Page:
While beautiful, this is not a legal definition of marriage; it is the church’s definition of marriage (and that of a rather outdated theology, at that). The legal definition of marriage for England and Wales, which tells people (whether Christian or not) when a marriage has taken place, is contained in the Marriage Act 1949. There, marriage is celebrated (i) according to the rites of the Church of England, by banns, a common license or a superintendent registrar’s certificate or (ii) under a superintendent registrar’s certificate, either in a registered building (a non-Church of England Church, recently expanded to include registered secular premises such as hotels) or in a registry office for civil marriages. Any definition that the Church of England may have for marriage applies only to the first of these.What is more, the words ‘man’ and ‘woman’ occur only in the description of prohibited degrees of relationship in the 1949 statute; nowhere does the statute define marriage as being between ‘one man’ and ‘one woman’. Interestingly, this passage from the BCP also does not contain a reference to ‘one man’ or ‘one woman’; and much of it can easily be interpreted to apply to same sex couples, who are just as capable of entering into relationships advisedly, avoiding sin, offering mutual support, and bringing up children ‘in the fear and nurture of the Lord and to praise his holy Name’ as any others.
Canon B 30 (promulgated in 1969) is much shorter:
[M]arriage is in its nature a union permanent and lifelong, for better or for worse, till death do them part, of one man with one woman, to the exclusion of all others on either side, for the procreation and nurture of children, for the hallowing and right direction of the natural instincts and affections, and for the mutual society, help and comfort which the one ought to have of the other, both in prosperity and adversity.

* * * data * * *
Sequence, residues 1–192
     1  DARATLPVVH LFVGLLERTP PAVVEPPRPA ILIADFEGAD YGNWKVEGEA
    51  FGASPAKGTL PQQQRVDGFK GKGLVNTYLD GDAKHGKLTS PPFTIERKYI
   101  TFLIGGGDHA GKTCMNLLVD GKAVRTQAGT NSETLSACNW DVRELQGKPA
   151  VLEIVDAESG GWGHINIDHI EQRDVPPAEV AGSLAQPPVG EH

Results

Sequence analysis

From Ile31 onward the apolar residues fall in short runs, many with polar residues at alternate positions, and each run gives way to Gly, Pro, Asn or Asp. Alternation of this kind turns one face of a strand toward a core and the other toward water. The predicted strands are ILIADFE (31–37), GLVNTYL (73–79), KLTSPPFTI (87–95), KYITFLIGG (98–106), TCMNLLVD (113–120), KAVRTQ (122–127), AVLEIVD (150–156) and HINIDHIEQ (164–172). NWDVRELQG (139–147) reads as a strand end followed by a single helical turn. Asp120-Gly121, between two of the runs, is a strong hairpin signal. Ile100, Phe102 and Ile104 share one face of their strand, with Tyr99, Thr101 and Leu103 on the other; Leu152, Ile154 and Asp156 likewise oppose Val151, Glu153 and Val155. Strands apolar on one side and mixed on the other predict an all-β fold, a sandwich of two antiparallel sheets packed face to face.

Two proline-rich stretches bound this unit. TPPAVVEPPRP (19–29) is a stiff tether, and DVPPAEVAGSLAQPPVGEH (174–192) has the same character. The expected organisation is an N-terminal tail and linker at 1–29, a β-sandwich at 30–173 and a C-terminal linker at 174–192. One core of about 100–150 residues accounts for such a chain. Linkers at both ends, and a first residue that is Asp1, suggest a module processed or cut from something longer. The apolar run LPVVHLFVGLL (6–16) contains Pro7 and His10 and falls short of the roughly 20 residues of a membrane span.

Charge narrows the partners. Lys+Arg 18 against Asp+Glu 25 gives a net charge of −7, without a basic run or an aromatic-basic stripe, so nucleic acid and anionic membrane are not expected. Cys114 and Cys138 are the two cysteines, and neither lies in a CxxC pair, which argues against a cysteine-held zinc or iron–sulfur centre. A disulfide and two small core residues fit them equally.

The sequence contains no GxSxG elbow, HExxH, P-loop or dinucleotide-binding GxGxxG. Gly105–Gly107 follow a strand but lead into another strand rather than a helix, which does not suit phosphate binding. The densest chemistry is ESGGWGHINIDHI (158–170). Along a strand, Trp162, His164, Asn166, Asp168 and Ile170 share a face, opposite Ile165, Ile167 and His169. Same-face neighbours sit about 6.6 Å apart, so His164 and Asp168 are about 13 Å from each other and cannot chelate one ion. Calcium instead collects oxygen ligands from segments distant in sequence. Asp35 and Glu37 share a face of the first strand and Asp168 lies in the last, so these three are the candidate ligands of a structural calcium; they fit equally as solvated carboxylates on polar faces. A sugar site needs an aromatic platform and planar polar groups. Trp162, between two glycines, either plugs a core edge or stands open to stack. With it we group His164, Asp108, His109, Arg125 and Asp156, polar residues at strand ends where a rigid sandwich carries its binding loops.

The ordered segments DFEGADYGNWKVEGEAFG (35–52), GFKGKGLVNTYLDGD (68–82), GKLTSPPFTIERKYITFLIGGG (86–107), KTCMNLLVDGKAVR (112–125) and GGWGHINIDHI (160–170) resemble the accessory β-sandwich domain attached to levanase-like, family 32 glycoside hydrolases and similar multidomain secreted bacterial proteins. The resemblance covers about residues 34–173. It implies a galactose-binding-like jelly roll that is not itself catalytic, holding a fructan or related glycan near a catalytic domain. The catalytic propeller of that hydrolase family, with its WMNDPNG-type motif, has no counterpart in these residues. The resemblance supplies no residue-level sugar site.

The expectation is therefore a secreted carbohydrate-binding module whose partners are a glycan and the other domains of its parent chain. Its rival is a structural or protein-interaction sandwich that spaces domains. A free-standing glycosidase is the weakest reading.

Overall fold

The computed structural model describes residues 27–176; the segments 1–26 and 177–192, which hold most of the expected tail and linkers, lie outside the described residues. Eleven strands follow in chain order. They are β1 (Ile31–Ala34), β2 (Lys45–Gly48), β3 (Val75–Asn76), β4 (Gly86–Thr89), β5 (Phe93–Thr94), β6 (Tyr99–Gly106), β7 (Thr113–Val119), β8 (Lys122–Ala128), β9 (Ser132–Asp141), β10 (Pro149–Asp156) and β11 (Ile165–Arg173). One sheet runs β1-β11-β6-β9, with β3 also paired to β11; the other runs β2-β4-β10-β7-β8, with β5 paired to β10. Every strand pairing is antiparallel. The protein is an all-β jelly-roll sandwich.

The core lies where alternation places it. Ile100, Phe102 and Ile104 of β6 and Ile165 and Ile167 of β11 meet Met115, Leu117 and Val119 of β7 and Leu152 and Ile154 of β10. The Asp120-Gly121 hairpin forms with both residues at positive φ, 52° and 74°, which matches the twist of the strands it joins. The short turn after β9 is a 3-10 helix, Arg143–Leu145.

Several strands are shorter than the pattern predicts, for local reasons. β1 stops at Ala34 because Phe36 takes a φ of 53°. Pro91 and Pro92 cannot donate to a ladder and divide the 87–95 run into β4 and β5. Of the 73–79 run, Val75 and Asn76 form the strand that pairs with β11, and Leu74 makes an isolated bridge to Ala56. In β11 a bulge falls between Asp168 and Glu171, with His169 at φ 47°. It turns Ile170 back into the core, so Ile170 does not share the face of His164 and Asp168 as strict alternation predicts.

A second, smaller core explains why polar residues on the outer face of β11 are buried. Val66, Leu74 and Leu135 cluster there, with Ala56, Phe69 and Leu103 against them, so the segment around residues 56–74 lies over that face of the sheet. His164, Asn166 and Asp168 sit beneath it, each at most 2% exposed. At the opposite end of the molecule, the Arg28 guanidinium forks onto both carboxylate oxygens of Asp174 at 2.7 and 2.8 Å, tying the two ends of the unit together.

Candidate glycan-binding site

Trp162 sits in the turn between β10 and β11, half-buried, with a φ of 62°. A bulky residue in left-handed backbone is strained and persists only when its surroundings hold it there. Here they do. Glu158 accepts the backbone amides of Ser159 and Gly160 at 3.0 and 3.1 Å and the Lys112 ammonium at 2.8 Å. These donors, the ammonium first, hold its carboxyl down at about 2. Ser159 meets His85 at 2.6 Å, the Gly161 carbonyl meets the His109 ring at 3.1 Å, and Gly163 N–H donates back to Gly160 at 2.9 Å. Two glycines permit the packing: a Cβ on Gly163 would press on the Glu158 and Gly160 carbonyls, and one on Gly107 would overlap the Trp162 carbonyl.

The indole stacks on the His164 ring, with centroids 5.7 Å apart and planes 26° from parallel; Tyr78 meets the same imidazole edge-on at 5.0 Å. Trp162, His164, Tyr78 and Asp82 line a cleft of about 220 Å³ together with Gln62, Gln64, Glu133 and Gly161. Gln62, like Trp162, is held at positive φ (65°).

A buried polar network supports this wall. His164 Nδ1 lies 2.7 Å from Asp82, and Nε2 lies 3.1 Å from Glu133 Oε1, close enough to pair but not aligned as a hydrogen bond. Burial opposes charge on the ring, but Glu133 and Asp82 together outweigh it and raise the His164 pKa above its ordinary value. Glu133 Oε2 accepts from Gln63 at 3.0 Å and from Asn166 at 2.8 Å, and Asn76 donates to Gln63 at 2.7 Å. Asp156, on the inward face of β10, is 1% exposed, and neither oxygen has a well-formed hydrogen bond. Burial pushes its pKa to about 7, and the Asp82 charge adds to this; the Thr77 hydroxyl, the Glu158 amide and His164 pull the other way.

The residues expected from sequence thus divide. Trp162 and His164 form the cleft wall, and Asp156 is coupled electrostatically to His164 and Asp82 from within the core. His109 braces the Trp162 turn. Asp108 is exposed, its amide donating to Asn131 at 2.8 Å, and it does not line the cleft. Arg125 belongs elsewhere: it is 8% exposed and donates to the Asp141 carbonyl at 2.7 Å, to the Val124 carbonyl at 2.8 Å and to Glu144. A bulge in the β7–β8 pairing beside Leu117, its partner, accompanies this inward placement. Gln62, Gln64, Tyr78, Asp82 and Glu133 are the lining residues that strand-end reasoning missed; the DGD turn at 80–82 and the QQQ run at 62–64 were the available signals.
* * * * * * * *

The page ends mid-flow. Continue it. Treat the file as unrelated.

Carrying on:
The canon echoes the purposes from the marriage service (procreation, monogamy and mutual support), but it goes further, too. It includes a limitation to one man and one woman, which had not been in the BCP definition, and it includes the criteria ‘permanent and lifelong, for better or for worse, till death do them part’. Inclusion of the second set of requirements was a late-nineteen-sixties pot-shot at divorce. However, the liberalization of divorce laws has since forced the church to temporize. In 2002 the church’s general synod passed a resolution, which acknowledged that ‘regrettably’ some marriages fail and that in ‘exceptional circumstances’ a divorced person may be married in church during the life of a former spouse. So now clergy may marry divorced persons (but don’t have to, just as they don’t have to marry post-operative transsexuals or men who wish to marry their deceased wife’s sister). The canon is certainly susceptible to the same reinterpretation where same-sex marriages are concerned.What force do these two provisions have? Are they binding on the government?Parliament can make or unmake any law whatever, and no institution in Britain has the power to override its policies. Unlike the United States, which has a supreme court that exercises strong judicial oversight, the UK lacks a formal, set of checks and balances. At bottom, the archbishop is claiming status for the Church of England as a check on Parliament. It is not. Since 1919 it has been customary (in British terms, a ‘constitutional convention’) that matters dealing with the church be initiated by the church and not in the civil legislature. That custom is not a fundamental, core principle of British democracy: it can be changed, like any other act of parliament.The pre-eminent expert on ecclesiastical law in this country, Mark Hill, writes, ‘[T]he inextricable link between Church and State permits the State to legislate for the Church and its religious affairs, either directly or by implication. Examples of this in more recent times include the Marriage Act 1949…’ So according to the leading lawyer for the Church of England, Parliament has the power to legislate on marriage and has done so. Hill goes on to quote, in a different context, from Morritt, LJ in Williamson v. Archbishops of Canterbury and York, a judicial challenge to the ordination of women: ‘[T]he Church of England is and at all material times has been the established church. As such its doctrines and government were and are susceptible to change by the due processes of law’. (emphasis mine)So it seems that the archbishop has gotten it exactly backwards. Even if its doctrine were opposed to, say, same-sex marriage, parliament’s authority to legislate in that area is not restricted by the church’s different view of these matters. Until the UK adopts a different system of government, parliament can do whatever a majority of its members think is best. The Church of England has, since 1919, been allowed a great deal of autonomy to legislate concerning its own, internal affairs. But that autonomy is not a right, as rights are not entrenched in the British constitution; instead, it is a matter of grace. Moreover, while much will undoubtedly be said in the coming months about religious freedom, that freedom must at least be limited for an established church that has a privileged role in the state. Anyone for a codified constitution, with a bill of rights that protects freedom of religion and prohibits establishment? I didn’t think so.